Modisa Tim Motsomi

Botswana

Residency: Oranim Academic College

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Terra Incognita, Terra Nullius, Terra Pericolosa

Modisa Motsomi, who hails from Botswana, and was in residence at Oranim College, Kiryat Tivon, produced a large mixed media sculpture and wall intervention, ‘Terra-Incognita, Terra-Nullius, Terra-Pericolosa’.[1]  The work focuses on multi-layered meanings of body, land, memory and mapping. The artist has created a site-specific response to diasporic flows, control and statehood, and the invisibility of migrants. Motsomi ‘mines’ various contested dualities, including place and space, the ‘native’ and the ‘other’, the whole and the partial. His project embodies metanarratives of identity in relation to geographic contextualisation.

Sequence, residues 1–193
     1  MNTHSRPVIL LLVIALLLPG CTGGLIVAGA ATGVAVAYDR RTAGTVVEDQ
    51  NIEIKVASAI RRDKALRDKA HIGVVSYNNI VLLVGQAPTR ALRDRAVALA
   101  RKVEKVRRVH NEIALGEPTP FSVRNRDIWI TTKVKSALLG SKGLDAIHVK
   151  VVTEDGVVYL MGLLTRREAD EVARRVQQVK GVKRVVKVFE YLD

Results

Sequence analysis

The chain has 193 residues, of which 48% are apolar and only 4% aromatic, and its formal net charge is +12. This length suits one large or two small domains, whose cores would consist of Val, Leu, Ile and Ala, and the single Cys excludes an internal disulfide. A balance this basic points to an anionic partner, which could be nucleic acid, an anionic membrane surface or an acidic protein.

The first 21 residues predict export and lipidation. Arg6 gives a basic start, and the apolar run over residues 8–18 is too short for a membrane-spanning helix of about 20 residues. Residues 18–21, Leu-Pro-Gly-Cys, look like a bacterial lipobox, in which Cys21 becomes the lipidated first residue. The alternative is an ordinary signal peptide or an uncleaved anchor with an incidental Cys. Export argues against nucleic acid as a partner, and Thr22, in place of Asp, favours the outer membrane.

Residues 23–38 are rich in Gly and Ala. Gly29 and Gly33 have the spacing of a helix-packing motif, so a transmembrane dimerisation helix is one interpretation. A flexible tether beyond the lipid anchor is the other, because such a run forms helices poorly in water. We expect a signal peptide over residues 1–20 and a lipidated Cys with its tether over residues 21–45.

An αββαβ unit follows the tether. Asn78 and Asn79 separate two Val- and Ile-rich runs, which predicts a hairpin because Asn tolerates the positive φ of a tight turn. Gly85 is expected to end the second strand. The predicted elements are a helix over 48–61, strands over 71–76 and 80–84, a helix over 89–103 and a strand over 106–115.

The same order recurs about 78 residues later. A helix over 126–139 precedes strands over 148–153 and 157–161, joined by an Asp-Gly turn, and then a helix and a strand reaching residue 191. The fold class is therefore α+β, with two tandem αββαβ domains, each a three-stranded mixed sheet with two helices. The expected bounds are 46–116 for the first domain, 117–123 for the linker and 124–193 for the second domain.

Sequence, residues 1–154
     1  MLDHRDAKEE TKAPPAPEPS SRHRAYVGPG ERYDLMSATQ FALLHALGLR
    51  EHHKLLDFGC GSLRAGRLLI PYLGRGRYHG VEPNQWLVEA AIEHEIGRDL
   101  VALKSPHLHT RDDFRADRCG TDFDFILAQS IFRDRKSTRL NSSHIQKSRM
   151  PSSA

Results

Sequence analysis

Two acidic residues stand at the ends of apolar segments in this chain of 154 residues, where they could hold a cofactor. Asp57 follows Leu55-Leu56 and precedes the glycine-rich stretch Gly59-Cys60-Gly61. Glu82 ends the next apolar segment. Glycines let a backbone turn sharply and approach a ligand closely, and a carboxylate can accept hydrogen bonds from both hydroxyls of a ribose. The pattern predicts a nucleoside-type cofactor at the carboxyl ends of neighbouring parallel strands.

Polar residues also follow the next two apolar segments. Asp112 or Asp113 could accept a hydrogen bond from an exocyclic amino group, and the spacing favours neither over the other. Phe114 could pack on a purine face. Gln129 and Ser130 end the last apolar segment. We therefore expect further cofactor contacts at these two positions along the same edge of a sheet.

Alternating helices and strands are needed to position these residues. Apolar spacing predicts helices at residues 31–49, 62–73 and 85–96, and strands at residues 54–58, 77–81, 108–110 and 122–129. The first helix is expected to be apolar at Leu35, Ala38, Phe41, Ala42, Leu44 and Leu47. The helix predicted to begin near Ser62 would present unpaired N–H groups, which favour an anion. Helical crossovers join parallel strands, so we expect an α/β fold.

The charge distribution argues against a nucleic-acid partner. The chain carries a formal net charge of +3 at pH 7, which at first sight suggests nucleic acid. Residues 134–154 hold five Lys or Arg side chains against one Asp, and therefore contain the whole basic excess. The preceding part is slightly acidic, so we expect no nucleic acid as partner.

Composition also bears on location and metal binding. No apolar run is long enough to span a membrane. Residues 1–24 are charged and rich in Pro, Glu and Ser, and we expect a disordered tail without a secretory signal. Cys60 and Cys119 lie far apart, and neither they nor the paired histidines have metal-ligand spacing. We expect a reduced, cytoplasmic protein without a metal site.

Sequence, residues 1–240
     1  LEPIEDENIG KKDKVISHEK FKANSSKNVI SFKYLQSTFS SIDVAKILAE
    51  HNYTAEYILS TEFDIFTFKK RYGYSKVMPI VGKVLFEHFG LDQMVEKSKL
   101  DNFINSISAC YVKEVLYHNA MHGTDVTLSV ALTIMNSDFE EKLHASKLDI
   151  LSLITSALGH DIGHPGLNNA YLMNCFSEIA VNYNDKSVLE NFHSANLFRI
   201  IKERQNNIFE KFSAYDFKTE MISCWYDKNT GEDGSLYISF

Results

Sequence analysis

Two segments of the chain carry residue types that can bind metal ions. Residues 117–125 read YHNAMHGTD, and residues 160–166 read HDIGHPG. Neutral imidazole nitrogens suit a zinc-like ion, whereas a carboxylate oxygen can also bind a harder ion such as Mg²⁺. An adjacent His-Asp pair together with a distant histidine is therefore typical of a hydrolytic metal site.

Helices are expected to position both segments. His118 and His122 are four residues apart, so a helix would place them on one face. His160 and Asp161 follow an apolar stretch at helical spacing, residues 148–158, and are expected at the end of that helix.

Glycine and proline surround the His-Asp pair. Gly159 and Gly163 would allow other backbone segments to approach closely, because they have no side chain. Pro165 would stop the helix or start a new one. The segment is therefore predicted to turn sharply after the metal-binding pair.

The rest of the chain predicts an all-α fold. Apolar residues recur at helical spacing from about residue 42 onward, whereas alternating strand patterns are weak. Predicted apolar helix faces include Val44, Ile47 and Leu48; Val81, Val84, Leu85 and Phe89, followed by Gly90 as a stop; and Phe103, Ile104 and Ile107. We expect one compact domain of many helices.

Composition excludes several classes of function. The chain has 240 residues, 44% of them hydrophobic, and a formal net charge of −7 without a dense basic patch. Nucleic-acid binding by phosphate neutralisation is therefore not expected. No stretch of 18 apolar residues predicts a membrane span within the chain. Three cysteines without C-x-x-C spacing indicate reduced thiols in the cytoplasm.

The installation incorporates ‘tapet’, a local adhesive vinyl product for covering walls and shelves. Motsomi uses this material as a trompe l’oeil covering for his plinth and on the wall, where it maps space, creating and defining a patchwork of layered terrains. This popular material evokes simulated marble, and serves as a metaphor for the artifice of luxury and the symbolic act of dominion over vast resources.

The metaphor of artifice is also evoked in the glazing of the figurative sculptural form that connotes metallic, bronze-like qualities. The use of the plinth and the stacked and layered qualities of the sculpture also evoke histories of conquest and notions of trophies. Topographical mapping practices are incorporated into the vinyl and onto the ceramic forms. This highlights the visible and invisible negotiations inherent in the map-making process, and imaginatively play with the notion of defining, naming and claiming land and assumptions of sovereignty.

[1] These Latin terms originate in colonial mapping practices, and refer to unknown, unoccupied and dangerous territory.

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